The Accelerating Medicines Partnership® Schizophrenia (AMP® SCZ) is a large international collaboration to develop algorithms using a set of clinical and cognitive assessments, multi-modal biomarkers, and clinical endpoints that can be used to predict the trajectories and outcomes of individuals at clinical high risk (CHR) for psychosis and to advance the testing of pharmacological interventions for CHR individuals in need. The goal is to accurately predict which individuals are likely to remit, experience an acute psychotic episode, or have intermediate outcomes that feature persistent attenuated psychotic and/or mood symptoms along with functional impairment. The prediction algorithms will have the potential to serve as early indicators of treatment efficacy in CHR persons. The AMP SCZ research program is made up of the Psychosis Risk Evaluation, Data Integration, and Computational Technologies - Data Processing, Analysis and Coordination Center (PREDICT-DPACC) and two clinical research networks, the Psychosis-Risk Outcomes Network (ProNET) and the Trajectories and Predictors in the Clinical High Risk for Psychosis Population: Prediction Scientific Global Consortium (PRESCIENT) networks. The two clinical research networks will recruit a large cohort of CHR young people aged 12-30 years (n=1,977) and healthy control (HC) participants (n=640) across 42 participating investigative sites from 13 countries. CHR participants will complete screening, baseline assessments and a battery of follow-up assessments across 18 - 24 months. HC participants will complete screening and baseline assessments and a subset (5 per site) will complete month 2, 12 and 24 visits.

    Los Angeles, California and other locations

  • Iclepertin Effect on Cognition and Functional Capacity in Schizophrenia (CONNEX-2)

    Sorry, in progress, not accepting new patients

    This study is open to adults with schizophrenia. Schizophrenia can affect the way a person thinks, their memory and their mental functioning. Examples include struggling to remember things, or to read a book or pay attention to a movie. Some people have difficulty calculating the right change or planning a trip so that they arrive on time. The purpose of this study is to find out whether a medicine called Iclepertin improves learning and memory in people with schizophrenia. Participants are put into two groups randomly, which means by chance. One group takes Iclepertin tablets and the other group takes placebo tablets. Placebo tablets look like Iclepertin tablets but do not contain any medicine. Participants take a tablet once a day for 26 weeks. In addition, all participants take their normal medication for schizophrenia. During this time, doctors regularly test learning and memory of the participants by use of questionnaires, interviews, and computer tests. The results of the mental ability tests are compared between the groups. Participants are in the study for about 8 months. During this time, they visit the study site about 15 times and get about 3 phone calls from the study team. The doctors also regularly check participants' health and take note of any unwanted effects.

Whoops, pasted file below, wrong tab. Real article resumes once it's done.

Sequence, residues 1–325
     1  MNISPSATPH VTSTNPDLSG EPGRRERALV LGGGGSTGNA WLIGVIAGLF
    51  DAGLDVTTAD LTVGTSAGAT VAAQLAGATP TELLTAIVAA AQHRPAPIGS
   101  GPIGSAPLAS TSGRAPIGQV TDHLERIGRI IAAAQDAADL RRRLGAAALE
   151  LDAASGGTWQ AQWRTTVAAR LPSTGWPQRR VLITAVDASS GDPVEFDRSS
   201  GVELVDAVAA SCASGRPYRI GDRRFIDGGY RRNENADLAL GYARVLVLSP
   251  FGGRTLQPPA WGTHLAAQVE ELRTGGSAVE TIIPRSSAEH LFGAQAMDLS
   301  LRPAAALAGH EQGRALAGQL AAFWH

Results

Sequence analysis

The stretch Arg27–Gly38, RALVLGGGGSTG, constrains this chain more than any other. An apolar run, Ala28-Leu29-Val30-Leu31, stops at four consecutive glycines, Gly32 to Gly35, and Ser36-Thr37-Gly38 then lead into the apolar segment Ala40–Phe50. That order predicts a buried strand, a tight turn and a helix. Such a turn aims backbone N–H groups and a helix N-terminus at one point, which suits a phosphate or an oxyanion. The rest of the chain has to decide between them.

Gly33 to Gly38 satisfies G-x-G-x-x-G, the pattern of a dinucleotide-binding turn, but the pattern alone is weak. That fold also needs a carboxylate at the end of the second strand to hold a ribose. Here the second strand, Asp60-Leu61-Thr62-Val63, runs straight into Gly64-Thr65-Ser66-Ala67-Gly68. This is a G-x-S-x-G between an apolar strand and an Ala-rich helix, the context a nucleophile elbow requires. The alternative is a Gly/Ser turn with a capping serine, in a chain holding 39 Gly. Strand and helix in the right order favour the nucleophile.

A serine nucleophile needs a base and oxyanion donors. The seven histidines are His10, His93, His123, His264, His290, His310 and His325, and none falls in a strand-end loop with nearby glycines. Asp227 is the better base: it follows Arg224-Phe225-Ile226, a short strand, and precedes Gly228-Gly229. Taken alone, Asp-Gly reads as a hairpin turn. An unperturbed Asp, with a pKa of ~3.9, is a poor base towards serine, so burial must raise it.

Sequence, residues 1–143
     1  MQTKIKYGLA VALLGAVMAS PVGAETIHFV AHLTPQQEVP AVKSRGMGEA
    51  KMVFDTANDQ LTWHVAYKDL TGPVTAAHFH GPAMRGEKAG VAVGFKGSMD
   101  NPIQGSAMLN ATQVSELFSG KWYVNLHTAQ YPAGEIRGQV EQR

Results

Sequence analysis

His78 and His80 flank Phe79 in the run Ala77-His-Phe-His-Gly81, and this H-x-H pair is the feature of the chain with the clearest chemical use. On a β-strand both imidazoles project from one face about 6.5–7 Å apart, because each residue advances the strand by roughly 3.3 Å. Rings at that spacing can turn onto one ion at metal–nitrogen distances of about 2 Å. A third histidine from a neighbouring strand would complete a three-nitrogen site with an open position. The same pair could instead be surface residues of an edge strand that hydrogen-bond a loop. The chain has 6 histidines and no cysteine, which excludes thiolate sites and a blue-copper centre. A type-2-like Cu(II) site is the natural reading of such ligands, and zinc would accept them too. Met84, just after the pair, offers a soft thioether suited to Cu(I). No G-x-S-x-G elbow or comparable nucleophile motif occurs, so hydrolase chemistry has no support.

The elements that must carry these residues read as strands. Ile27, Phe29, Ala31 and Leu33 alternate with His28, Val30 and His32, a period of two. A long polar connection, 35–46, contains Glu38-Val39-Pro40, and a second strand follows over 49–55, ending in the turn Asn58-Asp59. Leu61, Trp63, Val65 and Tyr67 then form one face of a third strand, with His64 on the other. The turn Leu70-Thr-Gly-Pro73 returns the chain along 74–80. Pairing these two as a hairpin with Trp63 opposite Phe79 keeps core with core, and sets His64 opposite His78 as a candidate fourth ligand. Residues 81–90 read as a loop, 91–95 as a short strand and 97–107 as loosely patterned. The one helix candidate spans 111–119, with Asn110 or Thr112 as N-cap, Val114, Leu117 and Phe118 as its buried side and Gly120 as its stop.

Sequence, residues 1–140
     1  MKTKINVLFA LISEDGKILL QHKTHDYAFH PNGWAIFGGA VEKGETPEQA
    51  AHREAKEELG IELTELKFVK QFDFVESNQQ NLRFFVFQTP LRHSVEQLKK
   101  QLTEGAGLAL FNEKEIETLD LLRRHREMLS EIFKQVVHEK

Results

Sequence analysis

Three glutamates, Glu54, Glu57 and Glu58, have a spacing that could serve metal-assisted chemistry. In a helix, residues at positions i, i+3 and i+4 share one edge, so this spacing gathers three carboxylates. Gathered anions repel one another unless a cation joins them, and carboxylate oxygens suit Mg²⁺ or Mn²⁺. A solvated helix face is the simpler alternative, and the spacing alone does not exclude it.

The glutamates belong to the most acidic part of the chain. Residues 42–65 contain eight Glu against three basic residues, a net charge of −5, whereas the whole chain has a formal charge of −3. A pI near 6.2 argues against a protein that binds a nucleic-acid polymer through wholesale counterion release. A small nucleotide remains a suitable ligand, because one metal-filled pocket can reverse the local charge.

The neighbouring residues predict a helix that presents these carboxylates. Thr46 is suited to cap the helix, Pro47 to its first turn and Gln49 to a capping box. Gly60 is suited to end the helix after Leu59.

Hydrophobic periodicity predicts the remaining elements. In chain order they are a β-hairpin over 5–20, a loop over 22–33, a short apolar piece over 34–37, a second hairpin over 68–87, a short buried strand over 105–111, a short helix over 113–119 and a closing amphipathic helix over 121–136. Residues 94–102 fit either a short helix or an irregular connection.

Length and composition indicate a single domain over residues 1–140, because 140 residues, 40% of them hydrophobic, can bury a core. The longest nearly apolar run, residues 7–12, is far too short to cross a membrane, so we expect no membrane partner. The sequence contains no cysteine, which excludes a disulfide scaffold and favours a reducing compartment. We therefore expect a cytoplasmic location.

Los Angeles, California and other locations

  • CONNEX-3: A Study to Test Whether Iclepertin Improves Learning and Memory in People With Schizophrenia

    Sorry, in progress, not accepting new patients

    This study is open to adults with schizophrenia. Schizophrenia can affect the way a person thinks, their memory and their mental functioning. Examples include struggling to remember things, or to read a book or pay attention to a movie. Some people have difficulty calculating the right change or planning a trip so that they arrive on time. The purpose of this study is to find out whether a medicine called iclepertin improves learning and memory in people with schizophrenia. Participants are put into two groups randomly, which means by chance. One group takes iclepertin tablets and the other group takes placebo tablets. Placebo tablets look like iclepertin tablets but do not contain any medicine. Participants take a tablet once a day for 26 weeks. In addition, all participants take their normal medication for schizophrenia. During this time, doctors regularly test learning and memory of the participants by use of questionnaires, interviews, and computer tests. The results of the mental ability tests are compared between the groups. Participants are in the study for about 8 months and visit the study site about 14 times. During this time, doctors regularly check participants' health and take note of any unwanted effects.